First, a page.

I think Republican strategists have really honed in on our weaknesses. Paul, Ryan, Rubio, Romney--and so I hear---Rice, all used a formula that is a proven hallucinogen. Their speeches were like a date-rape drug slipped into our drinks while we were looking the other way. It sure made me whoozy at times---those "right wing" shibboleths really do it for me---especially when they talk about getting tough with Iran. Seriously . Even Clint Eastwood's pathetic performance sent chills up my spine. He made my day. As far as I could discern, the major ingredients to the Republican elixir went something like this:
1. Exploit our love for the human interest story. Forget analysis, talk about the people in your life. Talk about your Mom, or your parents, or your wife, or the Cambodian family in your neighbourhood that works all night to make donuts to go with your morning coffee. And of course, all of their kids are now in medical school.
2. Use the "immigrant-makes-good" story as a backdrop to illustrate how you began from humble beginnings, and why America is an exceptional country full of exceptional people whose dreams were realized through the legacy they left children because only in America are you judged by what you do, and not by who you are or where you came from. If your inspiring portrait of America does not suffice to impress, then run down somebody else's country. Especially the one that your parents, or grandparents or neighbours ran away from. How brave it was for Rubio to stand at podium in Florida and talk about the absence of freedom in Castro's Cuba. He is dead right of course, but then, I suspect that freedom of enterprise was the freedom that concerned him most. Batista's Cuba was not a haven of democracy either.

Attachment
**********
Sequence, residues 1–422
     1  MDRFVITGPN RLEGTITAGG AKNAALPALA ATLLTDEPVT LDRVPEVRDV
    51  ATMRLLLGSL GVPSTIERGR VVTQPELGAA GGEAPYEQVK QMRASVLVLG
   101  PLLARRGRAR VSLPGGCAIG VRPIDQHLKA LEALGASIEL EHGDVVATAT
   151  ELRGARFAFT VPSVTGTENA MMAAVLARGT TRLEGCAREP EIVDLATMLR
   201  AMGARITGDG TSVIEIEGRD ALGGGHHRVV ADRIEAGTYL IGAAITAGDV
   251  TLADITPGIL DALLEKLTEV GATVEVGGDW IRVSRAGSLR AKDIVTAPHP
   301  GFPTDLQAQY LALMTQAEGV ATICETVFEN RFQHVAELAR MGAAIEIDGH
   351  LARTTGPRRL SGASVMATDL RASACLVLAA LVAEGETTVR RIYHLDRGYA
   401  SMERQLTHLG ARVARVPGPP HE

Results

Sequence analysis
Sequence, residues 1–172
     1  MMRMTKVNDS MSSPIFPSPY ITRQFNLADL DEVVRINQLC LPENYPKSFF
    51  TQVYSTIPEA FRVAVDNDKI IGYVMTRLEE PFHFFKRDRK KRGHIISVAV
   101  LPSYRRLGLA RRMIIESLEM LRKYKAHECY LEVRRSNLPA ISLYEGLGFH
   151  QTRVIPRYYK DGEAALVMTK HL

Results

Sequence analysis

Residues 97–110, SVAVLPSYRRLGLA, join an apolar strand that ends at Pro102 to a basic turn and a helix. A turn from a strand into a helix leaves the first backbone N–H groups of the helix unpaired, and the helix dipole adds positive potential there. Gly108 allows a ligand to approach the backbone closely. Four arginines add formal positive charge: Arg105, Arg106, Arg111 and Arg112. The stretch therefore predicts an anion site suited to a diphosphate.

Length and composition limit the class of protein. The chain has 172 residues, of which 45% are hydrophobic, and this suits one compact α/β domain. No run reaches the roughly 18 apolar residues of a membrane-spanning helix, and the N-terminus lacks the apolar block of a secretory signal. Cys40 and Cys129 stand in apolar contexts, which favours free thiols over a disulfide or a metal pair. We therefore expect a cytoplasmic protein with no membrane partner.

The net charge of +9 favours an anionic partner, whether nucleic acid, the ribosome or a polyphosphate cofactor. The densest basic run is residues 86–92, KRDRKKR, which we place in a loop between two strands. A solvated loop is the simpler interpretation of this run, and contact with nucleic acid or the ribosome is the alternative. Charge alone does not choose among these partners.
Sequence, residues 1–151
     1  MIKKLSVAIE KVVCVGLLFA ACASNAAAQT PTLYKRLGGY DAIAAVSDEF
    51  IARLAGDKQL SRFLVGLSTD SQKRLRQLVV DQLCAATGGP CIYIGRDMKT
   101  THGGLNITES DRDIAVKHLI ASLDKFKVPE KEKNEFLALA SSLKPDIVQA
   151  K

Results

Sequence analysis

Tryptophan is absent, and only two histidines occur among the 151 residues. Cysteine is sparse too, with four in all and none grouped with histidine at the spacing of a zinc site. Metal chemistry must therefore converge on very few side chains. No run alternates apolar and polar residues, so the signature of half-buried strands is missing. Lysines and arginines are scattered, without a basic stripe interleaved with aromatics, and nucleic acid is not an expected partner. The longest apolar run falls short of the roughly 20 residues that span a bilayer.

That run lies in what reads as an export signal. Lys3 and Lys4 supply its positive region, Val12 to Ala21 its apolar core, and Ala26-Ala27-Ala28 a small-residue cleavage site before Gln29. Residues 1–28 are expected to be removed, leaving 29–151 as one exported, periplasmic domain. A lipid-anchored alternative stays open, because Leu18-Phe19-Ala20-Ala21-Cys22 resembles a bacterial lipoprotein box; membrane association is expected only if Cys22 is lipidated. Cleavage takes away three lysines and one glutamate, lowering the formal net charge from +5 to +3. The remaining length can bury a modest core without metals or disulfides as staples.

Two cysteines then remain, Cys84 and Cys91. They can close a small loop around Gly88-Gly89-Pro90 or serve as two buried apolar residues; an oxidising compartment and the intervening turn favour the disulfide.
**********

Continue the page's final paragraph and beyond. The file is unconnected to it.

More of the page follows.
3. Make the humble owner of a small business the iconic hero of American society. The government didn't get up at 5 am to open the doors to my mom's shop. The government didn't work 12 hour days to keep her business alive. The government didn't take on the risks she incurred and worry about how she was going to meet her payroll. The government didn't build her business---SHE did!
4. And after you tell the audience ---over and over and over again----that "we"---that is the real Americans, the industrious, enterprising businessmen and women--- BUILT that---you end your speech by saying that Americans owe everything to the Lord Whose Light Shines In All Of Us. In other words, GOD BUILT THAT!
And that, perhaps, in a sense, is where Republican sloganeering inadvertently bumped into reality. For if you are a deist, then presumably, you believe that it was God who provided the exceptional bounty of natural non-renewable resources that our parents or grandparents--- or in my case--- great grandparents, stumbled upon.
So we really aren't the "exceptional" people after all. We're the goddamn LUCKY people--- as Catton and Clugston have tried to tell us.
Somehow, though, I think our luck has peaked, don’t you?
September 1, 2012
 GOP stands for "Grand Old Party", the ancient nickname given to the Republicans, the party of Abraham Lincoln, the party that freed the slaves, etc.